When you think of someone who is blind, you likely assume that they can’t see anything at all. And this certainly is the case for some individuals, either those who have suffered injuries, who have become blind gradually or who are born with the disability.
However, there are many people who qualify as being legally blind even though they technically can still see something. So what does it actually mean to be legally blind? If they still have the ability to see, how can they qualify?
A significant reduction in vision may qualify
Saying that someone is legally blind is important because this is what the Social Security Administration is going to look for when determining if they’re eligible for disability benefits. They measure the reduction of your vision, and you can qualify as legally blind even when you have some vision left. There are two key criteria, which are:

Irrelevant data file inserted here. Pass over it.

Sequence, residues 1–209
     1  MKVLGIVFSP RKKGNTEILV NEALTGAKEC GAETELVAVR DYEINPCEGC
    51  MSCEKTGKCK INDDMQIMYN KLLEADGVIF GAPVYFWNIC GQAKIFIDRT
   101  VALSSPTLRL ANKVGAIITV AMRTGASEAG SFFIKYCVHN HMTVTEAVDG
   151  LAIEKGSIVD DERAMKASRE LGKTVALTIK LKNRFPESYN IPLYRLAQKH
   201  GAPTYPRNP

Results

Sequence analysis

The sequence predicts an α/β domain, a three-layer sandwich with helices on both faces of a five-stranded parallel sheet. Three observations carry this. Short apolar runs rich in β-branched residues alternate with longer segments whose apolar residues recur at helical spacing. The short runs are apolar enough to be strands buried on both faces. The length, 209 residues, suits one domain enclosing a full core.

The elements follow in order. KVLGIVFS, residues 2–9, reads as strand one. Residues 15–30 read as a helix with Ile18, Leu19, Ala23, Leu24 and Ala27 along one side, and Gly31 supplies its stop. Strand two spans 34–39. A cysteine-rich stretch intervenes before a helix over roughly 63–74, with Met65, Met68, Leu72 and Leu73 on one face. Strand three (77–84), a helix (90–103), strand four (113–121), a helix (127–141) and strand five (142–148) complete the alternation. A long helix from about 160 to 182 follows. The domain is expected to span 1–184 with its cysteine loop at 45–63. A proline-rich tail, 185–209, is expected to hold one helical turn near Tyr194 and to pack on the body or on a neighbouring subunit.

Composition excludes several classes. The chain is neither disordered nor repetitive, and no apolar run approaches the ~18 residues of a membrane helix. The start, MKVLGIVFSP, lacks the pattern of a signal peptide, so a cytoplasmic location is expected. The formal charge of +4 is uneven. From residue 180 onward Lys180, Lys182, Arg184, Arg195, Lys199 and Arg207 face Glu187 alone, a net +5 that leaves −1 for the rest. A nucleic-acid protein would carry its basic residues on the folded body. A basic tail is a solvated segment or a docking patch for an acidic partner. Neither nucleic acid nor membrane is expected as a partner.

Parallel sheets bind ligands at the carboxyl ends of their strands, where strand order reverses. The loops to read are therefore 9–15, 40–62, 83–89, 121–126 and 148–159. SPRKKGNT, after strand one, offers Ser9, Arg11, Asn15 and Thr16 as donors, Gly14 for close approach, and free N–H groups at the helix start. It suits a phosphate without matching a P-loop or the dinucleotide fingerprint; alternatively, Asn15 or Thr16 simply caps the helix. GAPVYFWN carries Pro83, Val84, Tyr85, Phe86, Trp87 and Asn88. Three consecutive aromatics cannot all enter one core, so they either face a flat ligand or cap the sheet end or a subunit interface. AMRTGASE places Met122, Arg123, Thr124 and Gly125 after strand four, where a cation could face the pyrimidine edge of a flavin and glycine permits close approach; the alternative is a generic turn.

- A visual field that does not exceed 20 degrees
- Visual acuity in one eye that is a minimum of 20/200 (after correction)
You often hear people talk about having 20/20 vision, and this means that they can see clearly from 20 feet away. The lower the second number gets, the worse that person’s vision is. In this case, a person with 20/200 vision would see things from 20 feet away in the same way that a person with perfect vision would see them from 200 feet away even if they have their glasses on.
This helps you see how much of a disability legal blindness can be, even if that person can technically still see. If you believe that you are disabled, then it is important to know about all of the legal steps to take to seek SSA benefits.